Loneliness

The close conversation had reached that point where we had run out of superficial, cheery things to say.  I wrung my hands as a thought forced itself into speech: I had been afraid that saying it aloud would make a tentative idea more real than it actually was, but I couldn’t help it, it had been haunting me for too long:

“Um, I don’t know,” I began slowly.  “I think, more than anything, I want to be in a relationship.  I know that’s a lame thing to say…I believe in feminism and independence and all that, but…it’s true.”

I lowered my head and blushed as my friend reassured me, but I couldn’t help but taste the aftertaste of a remark that was not articulated finely enough.  Because, in truth, I enjoy being single.  I like going to concerts and kissing strangers without worrying about someone back home.  I like quiet moments by myself.  And I see people constantly holding hands, constantly spending the night in each others’ dorms and I think: I don’t want that.  I don’t want all of that, at least not all the time.  

But I definitely want something.   Continue reading

In the Company of Myself

Recently I’ve been smiling sadly my high school self; I’ve been re-reading some journal entries from her senior year English notebook.  Essentially, she was lonely and confused, searching for a sense of identity and starving for companionship.  She wrote down dreams of long hugs and soft hand touches. Continue reading

Goodbye, 2016

“New Years” never really meant that much to me.  “My life is determined by school years, not by successions of January Firsts,” I used to say, and New Years Eve always fell awkwardly in the middle of a school year.

With college sliced into two distinct semesters, this may be the first time New Years actually indicates a transition for me.  Not only a transition to new classes, but a transition from a naive and exploratory first semester of college to a more focused and directional second.

At the same time, I’ve never experienced a year so sharply dichotomized.  I mean, the first half was the triumphant, pressure-free closure of my high school career.  In the second half, the doors of my little town burst open to Penn, to Philadelphia, to the world.  Continue reading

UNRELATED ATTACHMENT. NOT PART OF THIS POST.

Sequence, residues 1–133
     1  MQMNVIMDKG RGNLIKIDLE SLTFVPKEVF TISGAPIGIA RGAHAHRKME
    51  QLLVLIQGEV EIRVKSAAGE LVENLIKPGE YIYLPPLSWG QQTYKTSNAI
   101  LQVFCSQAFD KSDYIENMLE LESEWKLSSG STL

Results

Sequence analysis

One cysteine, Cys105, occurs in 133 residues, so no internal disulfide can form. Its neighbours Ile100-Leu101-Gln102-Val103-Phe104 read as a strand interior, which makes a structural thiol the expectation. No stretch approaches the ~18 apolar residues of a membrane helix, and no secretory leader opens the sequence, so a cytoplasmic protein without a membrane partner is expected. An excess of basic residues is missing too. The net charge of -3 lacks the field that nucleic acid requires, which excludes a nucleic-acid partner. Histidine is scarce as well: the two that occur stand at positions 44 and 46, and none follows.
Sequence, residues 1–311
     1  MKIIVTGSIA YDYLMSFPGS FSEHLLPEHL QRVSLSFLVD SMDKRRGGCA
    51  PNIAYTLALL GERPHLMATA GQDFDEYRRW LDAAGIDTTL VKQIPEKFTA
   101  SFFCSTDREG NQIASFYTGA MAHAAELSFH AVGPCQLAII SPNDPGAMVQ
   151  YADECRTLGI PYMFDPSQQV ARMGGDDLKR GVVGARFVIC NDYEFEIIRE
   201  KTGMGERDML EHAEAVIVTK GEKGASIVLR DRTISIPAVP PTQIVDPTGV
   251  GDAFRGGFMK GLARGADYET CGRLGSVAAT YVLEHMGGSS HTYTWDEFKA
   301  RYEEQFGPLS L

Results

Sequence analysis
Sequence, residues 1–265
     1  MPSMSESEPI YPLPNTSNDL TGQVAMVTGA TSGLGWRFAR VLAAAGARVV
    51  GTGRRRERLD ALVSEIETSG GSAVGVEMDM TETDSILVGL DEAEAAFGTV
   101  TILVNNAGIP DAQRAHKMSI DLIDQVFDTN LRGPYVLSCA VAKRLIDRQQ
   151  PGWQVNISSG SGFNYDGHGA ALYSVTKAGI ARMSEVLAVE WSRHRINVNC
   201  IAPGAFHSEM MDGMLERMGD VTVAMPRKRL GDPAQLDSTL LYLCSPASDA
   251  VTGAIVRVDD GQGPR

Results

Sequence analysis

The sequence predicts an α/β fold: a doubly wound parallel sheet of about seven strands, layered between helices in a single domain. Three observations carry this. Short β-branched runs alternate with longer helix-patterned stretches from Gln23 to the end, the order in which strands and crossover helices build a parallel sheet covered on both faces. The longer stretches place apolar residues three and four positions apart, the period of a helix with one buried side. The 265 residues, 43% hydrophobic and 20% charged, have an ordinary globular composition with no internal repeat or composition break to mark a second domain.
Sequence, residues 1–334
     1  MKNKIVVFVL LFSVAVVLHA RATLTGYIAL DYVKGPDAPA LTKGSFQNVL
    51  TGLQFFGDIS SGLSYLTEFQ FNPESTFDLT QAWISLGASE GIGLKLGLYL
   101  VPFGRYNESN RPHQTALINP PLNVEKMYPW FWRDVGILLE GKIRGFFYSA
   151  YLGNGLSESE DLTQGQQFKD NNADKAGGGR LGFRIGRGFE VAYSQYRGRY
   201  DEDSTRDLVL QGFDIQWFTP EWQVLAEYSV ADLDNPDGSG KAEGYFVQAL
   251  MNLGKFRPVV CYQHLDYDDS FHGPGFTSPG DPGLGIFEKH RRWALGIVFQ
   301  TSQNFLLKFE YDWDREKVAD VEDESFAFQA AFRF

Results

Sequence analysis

*Screenshot*

If you’re friends with me on Snapchat, more often than not you’ll see this next to my name:

screenshots_zps3hcjpu3m

Yes, I’m the girl who’s a bit trigger-happy with screenshots.  When friends confront me about my this, I swear that I’m not collecting blackmail: I just find disproportionate delight in seemingly mundane photos and text.  Especially for Snapchat — there’s something earthy and guileless in my friends’ selfies that I treasure.

Do you ever scroll through your camera roll and see absolutely useless snapshots?  Yet, even though my phone’s storage protests, I can’t bring myself to delete some of these pictures.   Continue reading

Small Stories

Last night I chastised a boy (Kevin) in the dorm lounge for telling this story: “I was walking Emily (his female friend) back to her dorm across campus.  We passed the old frat house, where there were a bunch of drunk people in costumes.  But Emily was just walking by with her bicycle helmet on her head.  It was funny.”

I gave him shit because his story wasn’t really a story.  “Where’s the beginning, middle, and end?  You only had setting.”  I teased him about it before going upstairs to sleep.  Then my hallmates, just arrived from a party, sidetracked me.  They were loudly playing League while struggling not to throw up.

“How was it?” Continue reading

College Observations

Hey.  I haven’t been posting very frequently on here, and technically I can blame it on schoolwork and such.  But it’s also because I feel pressure to write up some poignant musings about college, which is the true culprit here.  I’m learning a ton, obviously, but my revelations are so small and numerous that they’re hard to articulate impressively.  So I’m settling with rambles.

In a nutshell, I’m happy and learning about myself.  A lot of things that worried me during high school — the opinions of strangers, boys who didn’t care about me — seem so small and far away.  For instance, I had anticipated getting crushed by nostalgia and missing others.  I do miss things, especially people — but there is so much richness in the present that, for once, I don’t want to go back. Continue reading

Feel

For college pre-orientation, I went to a three-day camping trip and a silent disco for the first time.  The experiences are more similar than you’d think.

I’ve attended two years of summer sleep-away “nerd” camp previously.  Though I never hiked during those trips, I’ve noticed that, basically, summer camp is a hot cooker for intensified emotions.  After an awkward start, platonic and even romantic feelings develop faster than one thinks possible.  I used to miss my three-week-long friends like I was ill; unattainable camp crushes yielded some of the strongest emotions of my young life.  Similarly, during my pre-orientation camping program — called PennQuest — before college, my hiking mates felt incredibly attached to each other.  Maybe it was the bonding over itchy bug bites and steep hills — or maybe it was the sight of everyone in their sweaty, makeup-less, and simplest forms.

So camps are microcosms of accelerated intimacy.  But are they special exceptions to emotionally-cautious life, or a mass-hallucination of young minds eager to feel less alone than they are?   Continue reading

Destination Envy

I’ve always been drawn to horizons, the world that is just over the edge — the Earth is round and so every landscape curves imperceptibly away from me.  I feel I need to chase that vanishing point, because I know that in each faraway speck there is a scene as real and alive as my own, and I always suspect that it is purer and lovelier. Continue reading